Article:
The EU Commission on Wednesday (9 November) presented long-awaited proposals on redrawing fiscal rules for the bloc — after a decade of austerity left European countries exposed to the new challenges of energy and price hikes.
The fresh rules, seemingly inspired by the Covid-19 recovery fund structure, would have governments negotiate a four-year debt reduction path with the commission and then have EU ministers give their green light to it.
Those four years could be extended to seven, if the extra time was justified by investment and reforms which match EU priorities, such as fighting climate change.
The commission would then monitor these plans — and sanction a member state that does not adhere to the agreed deal.
EU Commission vice-president Valdis Dombrovskis said the aim is “for a simpler system of fiscal rules with greater country-ownership and more latitude for debt reduction, but combined with stronger enforcement”.
The reference values in the EU treaty remain: for the deficit at three percent of GDP, and for debt at 60 percent of GDP.
The proposal would also move away from the one-size-fits-all obligation of annual debt cuts of one-twentieth of debt above 60 percent of GDP, which is the EU threshold for public debt.
Italy is struggling with a debt of around 150 percent of GDP, while Greece has seen its debt balloon to 186 percent of GDP after the financial crisis.
Another idea by the commission is to focus on net primary spending — meaning government expenditure that excludes debt interest. Governments have previously complained that the earlier focus on structural deficit is too complex and less of a stable indicator.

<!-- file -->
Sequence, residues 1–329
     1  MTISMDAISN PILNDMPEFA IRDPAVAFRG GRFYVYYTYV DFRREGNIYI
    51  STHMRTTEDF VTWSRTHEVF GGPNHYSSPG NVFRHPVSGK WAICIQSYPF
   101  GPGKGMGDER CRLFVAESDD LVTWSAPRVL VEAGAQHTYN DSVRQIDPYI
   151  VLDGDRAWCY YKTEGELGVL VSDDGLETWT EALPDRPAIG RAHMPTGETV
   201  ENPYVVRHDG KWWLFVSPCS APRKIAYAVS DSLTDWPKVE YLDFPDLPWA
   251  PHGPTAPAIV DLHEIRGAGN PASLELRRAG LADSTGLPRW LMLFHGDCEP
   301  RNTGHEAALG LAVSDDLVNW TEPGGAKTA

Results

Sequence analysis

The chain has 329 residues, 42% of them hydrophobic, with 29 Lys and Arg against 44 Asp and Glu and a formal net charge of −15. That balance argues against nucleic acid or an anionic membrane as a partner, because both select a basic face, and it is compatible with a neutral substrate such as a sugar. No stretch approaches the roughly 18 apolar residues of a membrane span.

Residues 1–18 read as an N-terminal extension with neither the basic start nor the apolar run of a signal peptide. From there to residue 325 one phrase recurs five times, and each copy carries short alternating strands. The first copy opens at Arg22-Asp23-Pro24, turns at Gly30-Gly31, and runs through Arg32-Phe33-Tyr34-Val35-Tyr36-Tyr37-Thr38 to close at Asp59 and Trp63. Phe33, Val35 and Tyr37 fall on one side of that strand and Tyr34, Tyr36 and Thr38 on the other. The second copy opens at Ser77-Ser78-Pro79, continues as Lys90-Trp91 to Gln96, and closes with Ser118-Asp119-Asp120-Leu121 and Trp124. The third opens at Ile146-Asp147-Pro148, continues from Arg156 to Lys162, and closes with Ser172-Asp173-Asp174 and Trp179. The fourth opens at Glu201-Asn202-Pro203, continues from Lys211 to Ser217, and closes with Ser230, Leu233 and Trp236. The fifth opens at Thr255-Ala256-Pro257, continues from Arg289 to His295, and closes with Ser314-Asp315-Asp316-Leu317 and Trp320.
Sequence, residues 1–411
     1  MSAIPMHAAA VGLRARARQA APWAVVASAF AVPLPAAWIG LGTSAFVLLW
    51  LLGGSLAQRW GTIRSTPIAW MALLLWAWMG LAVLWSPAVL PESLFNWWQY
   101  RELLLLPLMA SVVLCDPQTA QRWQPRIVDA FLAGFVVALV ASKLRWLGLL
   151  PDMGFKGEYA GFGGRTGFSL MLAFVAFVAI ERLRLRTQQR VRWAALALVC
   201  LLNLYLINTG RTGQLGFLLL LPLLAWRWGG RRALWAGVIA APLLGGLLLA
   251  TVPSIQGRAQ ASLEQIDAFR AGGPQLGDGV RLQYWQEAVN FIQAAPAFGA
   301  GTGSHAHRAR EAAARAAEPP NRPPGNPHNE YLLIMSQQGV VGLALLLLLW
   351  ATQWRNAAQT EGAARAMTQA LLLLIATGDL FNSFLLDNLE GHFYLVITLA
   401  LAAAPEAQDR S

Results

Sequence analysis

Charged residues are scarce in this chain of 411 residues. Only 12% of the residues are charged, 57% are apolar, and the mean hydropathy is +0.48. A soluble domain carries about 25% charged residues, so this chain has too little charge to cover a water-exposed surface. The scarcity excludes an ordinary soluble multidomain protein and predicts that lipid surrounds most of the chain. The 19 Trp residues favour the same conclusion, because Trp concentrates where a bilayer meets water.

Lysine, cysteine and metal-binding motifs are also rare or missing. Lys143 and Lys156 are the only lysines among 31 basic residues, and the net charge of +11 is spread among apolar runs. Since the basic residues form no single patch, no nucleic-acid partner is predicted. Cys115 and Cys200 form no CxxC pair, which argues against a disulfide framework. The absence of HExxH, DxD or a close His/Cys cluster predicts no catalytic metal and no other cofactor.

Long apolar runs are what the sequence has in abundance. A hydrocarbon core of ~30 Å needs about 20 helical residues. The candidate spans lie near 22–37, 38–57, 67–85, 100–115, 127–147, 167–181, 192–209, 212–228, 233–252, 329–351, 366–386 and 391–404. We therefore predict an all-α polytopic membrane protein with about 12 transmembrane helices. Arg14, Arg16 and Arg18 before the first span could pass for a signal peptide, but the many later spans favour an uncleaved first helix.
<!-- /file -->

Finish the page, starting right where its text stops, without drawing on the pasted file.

The commission is hoping that EU leaders can agree on the basics of the new fiscal rules at the February 2023 summit at the latest, and then the executive could roll out the legal texts underpinning the rules.
The aim is for the new setup to come into force in 2024.
“Some, like us, will consider it excessively prescriptive towards over-indebted countries, others, like the Nordic countries, will find it unnecessarily lax,” Italy’s economy minister Giancarlo Giorgetti told a panel of lawmakers on Wednesday, according to Reuters.
“There will be a difficult negotiation,” he said.
Germany and other fiscally-conservative countries have been worried that the bilaterally-negotiated deals would allow countries to postpone reforms and investment, weighing down all eurozone countries.
To sway the so-called ‘frugal’ states, the commission has proposed more robust sanctions, albeit with lesser fines.
However, there is a lack of trust in the commission, which has not proposed sanctions or fines on any member state — despite reinforced rules agreed in 2011 amid the euro crisis — for breaking fiscal rules. Some member states, including France, Spain and Portugal have done so.
“The challenge now is to find agreement by next year. For that France and Germany would need to come together and avoid another open flank in their relations,” Johannes Lindner, co-director of the Berlin-based Jacques Delors Centre tweeted.
Austerity during the economic crisis, and then the surge in public debt as governments across Europe paid to support businesses and households amid the Covid-19 emergency, has left debt reduction at the current rate impossible.
The EU in fact suspended its fiscal rules in early 2020, to prevent European economies from crumbling, but the 25-year-old pact is scheduled to be re-actived next year.
Dombrovskis said that the proposals address “new realities” as “almost every member state has broken rules at one time or another”.
The former Latvian prime minister said that “debt and deficit levels are significantly higher than a decade ago”.
However, the officials stopped short of damning austerity measures that have been held responsible for much social distress over the past decade.
EU economic commissioner Paolo Gentiloni said that “austerity was not strictly linked to these kind of rules,” but conceded that with hindsight it is true that investments were not kept at the level they should have been.
He added that debt reduction rules had become “more and more unrealistic”. However, the former Italian prime minister added that the three-percent deficit threshold “was useful to signal for governments that money is not for free”.